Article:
Folate, also known as vitamin B9, helps the body make healthy new cells, convert food (carbohydrates) into fuel (glucose), which is used to produce energy, and it is extremely important during periods of rapid growth such as infancy, pregnancy, and adolescence.
The most common signs of deficiency include the loss of appetite, weight loss, irritability, heart palpitations, physical weakness, sore tongue, headaches, and diarrhea.
All the B vitamins are water-soluble, which means that the body does not store them and we need to consume it daily to ensure that we have enough in our system.
Folate vs Folic Acid – what’s the difference?
Folate refers to the various tetrahydrofolate derivatives naturally found in food (mostly plants), whereas folic acid refers to the oxidized synthetic compound used in food fortification and dietary supplements.
In the United States, since 1998, folic acid has been added to cold cereals, pasta, flour, bread, bakery items, crackers, and cookies, as required by federal law.
Side Effects of Folic acid Supplementation
Unlike natural vitamin B9 (which is directly metabolized by the small intestine), the synthetic folic acid requires the help of dihydrofolate reductase, a specific enzyme which is relatively rare in the body.
Therefore, when people consume large amounts of folic acid through supplements and other fortified foods, the body cannot break it down and elevated levels of unmetabolized folic acid enter the blood stream.
This situation can increase the risk of some cancers and it may not even be as effective in preventing birth defects.
According to a 2001 study at Institute of Epileptology, Weston Education Centre, London, UK side effects of folic acid can include – epilepsy, changes in sex drive, trouble breathing, vitamin B12 deficiency, lack of focus, nausea, emotional downs and ups, and sleep pattern disorder.
Health Benefits Of Natural Vitamin B9
Pregnant women need more vitamin B9 to lower the risk of neural tube birth defects (also called NTDs), that are birth defects of the spine, brain, or spinal cord.
There is no cure for NTDs. The loss of function and nerve damage that are present at birth are frequently permanent.
Low blood levels of this vitamin are linked with an increased risk of breast, cervical, colon, brain and lung cancer.
Some studies concluded that 15 to 38 percent of patients with depression have low blood levels of vitamin B9, and those individuals with very low levels tend to be the most depressed.
In addition, it is considered that vitamin B9 plays an important part in mood regulation.
Adequate amounts of vitamin B9 may help people suffering from Alzheimer’s disease, a progressive, degenerative disorder that attacks the brain’s nerve cells. Furthermore, consumption of foods rich in vitamin B9 helps in preventing memory loss due to aging.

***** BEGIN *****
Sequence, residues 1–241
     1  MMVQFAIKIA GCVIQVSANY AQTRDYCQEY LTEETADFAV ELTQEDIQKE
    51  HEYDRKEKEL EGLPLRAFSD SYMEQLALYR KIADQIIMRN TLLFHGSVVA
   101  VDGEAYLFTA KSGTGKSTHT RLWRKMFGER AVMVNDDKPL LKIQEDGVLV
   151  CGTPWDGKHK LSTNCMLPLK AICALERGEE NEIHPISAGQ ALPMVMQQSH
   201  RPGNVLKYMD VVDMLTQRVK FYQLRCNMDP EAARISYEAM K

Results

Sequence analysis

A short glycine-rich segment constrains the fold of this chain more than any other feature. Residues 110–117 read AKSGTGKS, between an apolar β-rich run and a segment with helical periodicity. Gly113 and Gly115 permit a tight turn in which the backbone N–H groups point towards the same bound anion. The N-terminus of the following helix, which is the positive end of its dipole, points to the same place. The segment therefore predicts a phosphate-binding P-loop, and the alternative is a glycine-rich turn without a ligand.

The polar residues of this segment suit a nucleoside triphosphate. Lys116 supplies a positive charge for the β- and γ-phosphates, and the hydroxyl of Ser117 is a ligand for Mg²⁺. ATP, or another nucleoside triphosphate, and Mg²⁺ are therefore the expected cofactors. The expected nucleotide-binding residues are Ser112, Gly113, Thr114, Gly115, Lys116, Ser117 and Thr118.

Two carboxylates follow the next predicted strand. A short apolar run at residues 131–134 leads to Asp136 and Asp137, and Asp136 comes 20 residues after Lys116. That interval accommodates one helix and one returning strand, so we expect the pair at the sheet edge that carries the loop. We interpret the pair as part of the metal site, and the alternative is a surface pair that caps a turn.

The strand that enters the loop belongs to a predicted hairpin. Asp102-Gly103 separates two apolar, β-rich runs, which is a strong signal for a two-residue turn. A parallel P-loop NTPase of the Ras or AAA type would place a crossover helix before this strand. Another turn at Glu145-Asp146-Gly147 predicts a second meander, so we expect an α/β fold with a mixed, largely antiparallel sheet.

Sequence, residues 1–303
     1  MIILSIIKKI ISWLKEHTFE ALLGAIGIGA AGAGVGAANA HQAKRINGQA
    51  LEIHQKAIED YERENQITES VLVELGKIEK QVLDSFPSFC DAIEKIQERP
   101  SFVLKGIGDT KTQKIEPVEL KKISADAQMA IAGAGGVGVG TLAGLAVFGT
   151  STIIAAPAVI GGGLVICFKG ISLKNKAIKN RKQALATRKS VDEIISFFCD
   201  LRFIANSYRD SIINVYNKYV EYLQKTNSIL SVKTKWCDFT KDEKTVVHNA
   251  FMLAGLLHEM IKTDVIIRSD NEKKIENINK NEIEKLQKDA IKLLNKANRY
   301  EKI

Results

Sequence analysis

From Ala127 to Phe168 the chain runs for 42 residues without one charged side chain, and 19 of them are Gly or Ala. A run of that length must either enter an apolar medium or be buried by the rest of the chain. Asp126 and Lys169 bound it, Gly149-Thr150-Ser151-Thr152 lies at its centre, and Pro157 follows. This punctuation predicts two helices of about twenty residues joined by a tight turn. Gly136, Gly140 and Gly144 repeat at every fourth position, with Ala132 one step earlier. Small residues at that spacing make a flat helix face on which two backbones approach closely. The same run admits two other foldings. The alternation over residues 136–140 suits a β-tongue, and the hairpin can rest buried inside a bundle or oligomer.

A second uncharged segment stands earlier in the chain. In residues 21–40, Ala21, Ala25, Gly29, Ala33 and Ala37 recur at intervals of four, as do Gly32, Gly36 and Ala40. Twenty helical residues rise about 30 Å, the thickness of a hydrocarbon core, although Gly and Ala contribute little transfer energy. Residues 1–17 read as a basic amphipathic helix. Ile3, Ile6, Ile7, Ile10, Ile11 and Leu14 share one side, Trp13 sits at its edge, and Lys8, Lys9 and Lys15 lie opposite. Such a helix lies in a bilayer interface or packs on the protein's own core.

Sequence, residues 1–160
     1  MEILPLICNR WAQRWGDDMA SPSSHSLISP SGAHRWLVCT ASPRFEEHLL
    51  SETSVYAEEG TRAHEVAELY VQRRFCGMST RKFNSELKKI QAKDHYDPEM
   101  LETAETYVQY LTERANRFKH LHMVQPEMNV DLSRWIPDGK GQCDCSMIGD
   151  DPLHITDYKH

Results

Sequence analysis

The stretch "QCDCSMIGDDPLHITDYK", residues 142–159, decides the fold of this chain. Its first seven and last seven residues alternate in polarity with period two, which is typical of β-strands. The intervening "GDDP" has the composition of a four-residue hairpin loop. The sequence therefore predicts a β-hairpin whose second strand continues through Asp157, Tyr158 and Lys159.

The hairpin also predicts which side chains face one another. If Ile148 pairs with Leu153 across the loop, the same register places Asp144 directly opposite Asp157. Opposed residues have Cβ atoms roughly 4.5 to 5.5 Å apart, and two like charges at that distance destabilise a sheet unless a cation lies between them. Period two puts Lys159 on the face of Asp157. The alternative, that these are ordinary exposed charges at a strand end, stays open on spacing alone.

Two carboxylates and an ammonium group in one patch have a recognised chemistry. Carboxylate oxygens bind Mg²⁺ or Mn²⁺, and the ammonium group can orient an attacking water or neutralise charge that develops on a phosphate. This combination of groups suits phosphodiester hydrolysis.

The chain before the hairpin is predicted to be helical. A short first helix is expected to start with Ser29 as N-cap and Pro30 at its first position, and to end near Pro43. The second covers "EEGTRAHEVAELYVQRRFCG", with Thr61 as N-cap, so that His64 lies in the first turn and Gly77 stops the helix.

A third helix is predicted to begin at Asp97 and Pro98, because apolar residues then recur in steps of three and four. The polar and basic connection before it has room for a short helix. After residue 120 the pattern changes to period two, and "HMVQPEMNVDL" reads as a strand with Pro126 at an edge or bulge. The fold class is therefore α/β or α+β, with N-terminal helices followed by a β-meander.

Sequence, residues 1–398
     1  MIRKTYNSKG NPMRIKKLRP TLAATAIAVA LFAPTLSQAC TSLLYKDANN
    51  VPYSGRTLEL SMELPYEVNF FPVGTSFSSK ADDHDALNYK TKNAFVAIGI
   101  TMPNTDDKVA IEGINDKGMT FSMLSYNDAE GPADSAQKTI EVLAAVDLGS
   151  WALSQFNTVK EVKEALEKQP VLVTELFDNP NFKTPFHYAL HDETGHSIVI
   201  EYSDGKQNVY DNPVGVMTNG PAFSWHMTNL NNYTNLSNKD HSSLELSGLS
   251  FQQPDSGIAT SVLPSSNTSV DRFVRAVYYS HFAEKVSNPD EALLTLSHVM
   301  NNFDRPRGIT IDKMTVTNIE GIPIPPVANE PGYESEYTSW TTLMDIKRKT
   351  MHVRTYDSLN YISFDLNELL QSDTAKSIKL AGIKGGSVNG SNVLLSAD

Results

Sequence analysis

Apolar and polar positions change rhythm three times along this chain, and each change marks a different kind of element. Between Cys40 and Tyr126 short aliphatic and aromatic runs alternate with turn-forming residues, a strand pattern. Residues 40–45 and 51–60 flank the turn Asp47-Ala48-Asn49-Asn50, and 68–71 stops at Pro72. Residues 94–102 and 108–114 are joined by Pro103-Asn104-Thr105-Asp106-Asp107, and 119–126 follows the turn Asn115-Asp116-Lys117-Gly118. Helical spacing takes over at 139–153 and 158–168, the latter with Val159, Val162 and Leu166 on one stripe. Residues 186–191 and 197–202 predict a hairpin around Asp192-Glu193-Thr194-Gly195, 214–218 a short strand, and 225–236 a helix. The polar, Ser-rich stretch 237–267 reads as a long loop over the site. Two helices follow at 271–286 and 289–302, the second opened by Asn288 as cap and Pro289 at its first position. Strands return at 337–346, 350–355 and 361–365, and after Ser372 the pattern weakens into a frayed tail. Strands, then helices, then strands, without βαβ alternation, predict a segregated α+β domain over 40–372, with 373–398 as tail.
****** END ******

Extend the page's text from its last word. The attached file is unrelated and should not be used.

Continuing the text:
Folate-deficiency anemia is the lack of folic acid in the blood. People who do not consume sufficient vitamin B9 can develop folic acid deficiency anemia.
Note – some babies are born unable to absorb folic acid. This condition can lead to megaloblastic anemia.
Without normal levels of vitamin B9, homocysteine (an amino acid that’s created in the body during metabolic processes) levels can cause blood to clot more easily than normal and cause heart attacks and cardiovascular disease.
More importantly, an excess of homocysteine interferes with the production of the neurohormones dopamine, serotonin, and norepinephrine, which regulate sleep, mood, and appetite.
The recommended daily allowance of this vitamin throughout life is as follows:
- birth to 6 months: 65 micrograms/day;
- infants 7-12 months: 80 micrograms/day;
- children 1-3 years: 150 micrograms/day;
- children 4-8 years: 200 micrograms/day;
- children 9-13 years: 300 micrograms/day;
- adult women and men (above age 14): 400 micrograms/day;
- pregnant women: 600 micrograms/day;
- during lactation: 500 micrograms/day.
Generally speaking, it should be easy to prevent this deficiency by eating a well-balanced diet.
For example, 4 medium oranges, 100g corn, 100g chickpeas, 3 small bananas, 1 tbs of sunflower seeds, 100g tomatoes, 30g peanuts, and 100g broccoli have a total of 600,4 micrograms of vitamin B9 and 1026 kcal (in general, pregnant women need between 2,200 calories and 2,900 kcal a day).
These are all common foods that can be found at any time during the year.
The amount of vitamin B9 is per 100 g of each particular food.
#1 Peanuts – 240 micrograms
#2 Black-eyed peas (cowpeas) – 235 micrograms
#3 Sunflower seeds – 219 micrograms
#4 Spinach – 194 micrograms
#5 Lentils – 186,7 micrograms
#6 Chickpeas (garbanzo beans) – 176,3 micrograms
#7 Romaine lettuce – 130 micrograms
#8 Kidney beans – 128,8 micrograms
#9 Arugula – 97 micrograms
#10 Avocado – 89 micrograms
#11Flax seeds – 87 micrograms
#12 Brussels sprouts – 61 micrograms
#13 Okra – 46 micrograms
#14 Asparagus – 45,5 micrograms
#15 Almonds – 44 micrograms
#16 Mangoes – 43 micrograms
#17 Papayas – 40 micrograms
#18 Corn – 36 micrograms
#19 Oranges – 29 micrograms
#20 Kiwi – 23,4 micrograms
#21 Cantaloupe – 21 micrograms
#22 Bananas – 20 micrograms
#23 Mushrooms, Portabello, grilled – 19 micrograms
#24 Tomatoes – 13 micrograms
#25 Grapefruits – 12,5 micrograms
Alcohol interferes with the absorption of vitamin B9, plus it increases the amount of this essential nutrient the kidney gets rid of.
Moreover, smoking and a high intake of coffee can lead to vitamin B9 deficiency.